Step 1 – Find the moisture

Homes and businesses can have many sources of moisture, among them bathrooms, kitchens, basements, and clothes dryers. Use a relative humidity (RH) meter to measure different areas of your home. A comfortable RH level is between 40 and 50%—although in winter, you may want it below 40% to avoid condensation on windows.

  • Check humidity levels to pinpoint trouble spots

  • Look for condensation, wood rot, mold, and peeling paint

  • Check for leaks in your basement, roof and attic, crawl spaces, closets, and windowsills

  • Examine sinks, tubs, and pipes for leaks

Step 2 – Reduce the moisture with these ten tips

  1. When you see condensation or pooling water, dry it promptly

  2. Use kitchen and bathroom fans to exhaust steam

  3. Caulk and weather-strip to keep out humid air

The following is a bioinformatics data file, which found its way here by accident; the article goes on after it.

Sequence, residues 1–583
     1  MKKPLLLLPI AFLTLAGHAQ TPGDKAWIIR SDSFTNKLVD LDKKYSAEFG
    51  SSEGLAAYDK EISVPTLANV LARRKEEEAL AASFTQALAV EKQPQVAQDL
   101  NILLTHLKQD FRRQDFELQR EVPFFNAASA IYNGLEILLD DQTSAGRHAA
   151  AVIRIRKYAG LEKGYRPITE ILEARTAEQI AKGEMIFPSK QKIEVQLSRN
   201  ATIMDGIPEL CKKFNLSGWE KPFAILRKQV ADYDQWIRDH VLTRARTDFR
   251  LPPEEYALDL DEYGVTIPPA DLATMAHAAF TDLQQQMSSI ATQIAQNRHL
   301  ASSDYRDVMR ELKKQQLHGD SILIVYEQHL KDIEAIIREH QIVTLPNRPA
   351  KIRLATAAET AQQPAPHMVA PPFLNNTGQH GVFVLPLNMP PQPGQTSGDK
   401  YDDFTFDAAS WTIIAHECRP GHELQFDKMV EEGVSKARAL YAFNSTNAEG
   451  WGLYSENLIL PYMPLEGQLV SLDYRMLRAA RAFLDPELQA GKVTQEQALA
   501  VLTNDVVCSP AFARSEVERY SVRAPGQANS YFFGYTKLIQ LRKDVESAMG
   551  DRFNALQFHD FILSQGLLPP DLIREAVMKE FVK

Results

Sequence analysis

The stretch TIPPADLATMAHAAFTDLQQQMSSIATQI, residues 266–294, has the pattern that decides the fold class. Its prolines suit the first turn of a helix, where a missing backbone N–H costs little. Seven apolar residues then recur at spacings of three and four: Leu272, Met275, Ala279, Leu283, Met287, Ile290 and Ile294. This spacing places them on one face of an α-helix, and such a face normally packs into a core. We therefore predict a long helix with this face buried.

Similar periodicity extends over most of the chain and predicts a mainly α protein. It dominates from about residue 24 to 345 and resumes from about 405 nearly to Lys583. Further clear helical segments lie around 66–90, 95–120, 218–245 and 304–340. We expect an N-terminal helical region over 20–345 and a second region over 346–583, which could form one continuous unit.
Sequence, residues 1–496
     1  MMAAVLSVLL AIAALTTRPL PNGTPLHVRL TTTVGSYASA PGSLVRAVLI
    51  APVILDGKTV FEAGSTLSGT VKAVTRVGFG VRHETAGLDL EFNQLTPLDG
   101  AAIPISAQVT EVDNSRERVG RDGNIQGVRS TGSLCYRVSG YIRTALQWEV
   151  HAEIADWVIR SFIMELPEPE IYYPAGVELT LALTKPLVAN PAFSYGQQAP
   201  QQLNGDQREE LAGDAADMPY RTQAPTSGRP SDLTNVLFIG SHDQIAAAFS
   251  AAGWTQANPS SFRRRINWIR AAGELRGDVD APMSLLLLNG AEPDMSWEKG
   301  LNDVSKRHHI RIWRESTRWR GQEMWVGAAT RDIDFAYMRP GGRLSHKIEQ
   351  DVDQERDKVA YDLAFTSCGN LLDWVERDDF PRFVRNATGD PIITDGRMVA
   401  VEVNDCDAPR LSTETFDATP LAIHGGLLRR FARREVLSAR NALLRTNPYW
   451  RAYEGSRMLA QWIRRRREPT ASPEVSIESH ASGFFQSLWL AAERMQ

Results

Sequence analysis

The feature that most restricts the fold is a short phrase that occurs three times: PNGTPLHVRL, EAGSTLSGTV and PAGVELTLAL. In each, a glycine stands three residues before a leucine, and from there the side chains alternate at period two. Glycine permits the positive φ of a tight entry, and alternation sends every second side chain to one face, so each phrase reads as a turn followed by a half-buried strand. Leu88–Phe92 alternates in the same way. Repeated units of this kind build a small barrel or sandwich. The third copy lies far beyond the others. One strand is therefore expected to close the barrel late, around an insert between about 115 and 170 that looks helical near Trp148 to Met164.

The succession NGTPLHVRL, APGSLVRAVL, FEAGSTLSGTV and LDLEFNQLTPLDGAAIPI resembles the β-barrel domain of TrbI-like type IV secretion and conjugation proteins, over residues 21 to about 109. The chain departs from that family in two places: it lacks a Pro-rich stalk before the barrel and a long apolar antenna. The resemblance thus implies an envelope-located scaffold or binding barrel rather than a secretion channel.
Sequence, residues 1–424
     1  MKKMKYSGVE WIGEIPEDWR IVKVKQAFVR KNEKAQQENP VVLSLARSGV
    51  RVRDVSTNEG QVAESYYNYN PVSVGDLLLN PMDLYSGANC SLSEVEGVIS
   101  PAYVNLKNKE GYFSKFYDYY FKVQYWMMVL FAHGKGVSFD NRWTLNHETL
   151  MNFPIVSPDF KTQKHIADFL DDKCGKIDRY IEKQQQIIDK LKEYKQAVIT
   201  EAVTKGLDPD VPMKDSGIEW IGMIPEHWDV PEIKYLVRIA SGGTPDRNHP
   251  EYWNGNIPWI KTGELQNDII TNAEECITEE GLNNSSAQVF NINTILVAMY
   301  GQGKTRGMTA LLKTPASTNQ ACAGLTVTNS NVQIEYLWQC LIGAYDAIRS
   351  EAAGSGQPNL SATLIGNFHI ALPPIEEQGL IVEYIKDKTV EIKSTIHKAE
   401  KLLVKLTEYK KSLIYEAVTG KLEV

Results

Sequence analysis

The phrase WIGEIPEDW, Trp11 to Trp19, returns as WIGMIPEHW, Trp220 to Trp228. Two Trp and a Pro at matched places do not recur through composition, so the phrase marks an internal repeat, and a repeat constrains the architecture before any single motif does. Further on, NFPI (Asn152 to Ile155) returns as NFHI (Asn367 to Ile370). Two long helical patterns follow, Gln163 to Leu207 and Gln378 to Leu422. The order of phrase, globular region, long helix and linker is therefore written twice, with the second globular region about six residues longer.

4. Seal around tubs and sinks to prevent water from leaking into walls

  5. Use an ENERGY STAR® certified dehumidifier in laundry rooms and basements

  6. Seal off crawl spaces and cover dirt floors with polyvinyl sheeting

  7. Install gutters and adjust downspouts to divert roof runoff

  8. Install storm windows and storm doors in winter

  9. Add insulation to reduce heat transfer (which causes condensation)

  10. Improve grading around your foundation to divert groundwater

Step 3 – Improve ventilation

Ventilation removes stale, indoor air and replaces it with fresh, outdoor air. During warm months, you can open windows and doors—but the most effective ventilation comes from well-sized and properly installed fans. Besides removing moisture, clean bathroom fans and dryer vents are a must for occupant safety. Other fan options include kitchen range hoods, attic vents, and whole-house fans. For a complete assessment, hire a qualified contractor to look at your building’s ventilation, insulation, and air-sealing needs.

 

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